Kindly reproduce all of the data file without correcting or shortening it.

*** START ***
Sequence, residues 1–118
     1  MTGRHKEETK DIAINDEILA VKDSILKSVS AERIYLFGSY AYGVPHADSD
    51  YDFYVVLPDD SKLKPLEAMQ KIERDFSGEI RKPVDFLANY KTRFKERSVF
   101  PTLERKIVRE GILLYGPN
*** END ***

Sequence, residues 1–118
     1  MTGRHKEETK DIAINDEILA VKDSILKSVS AERIYLFGSY AYGVPHADSD
    51  YDFYVVLPDD SKLKPLEAMQ KIERDFSGEI RKPVDFLANY KTRFKERSVF
   101  PTLERKIVRE GILLYGPN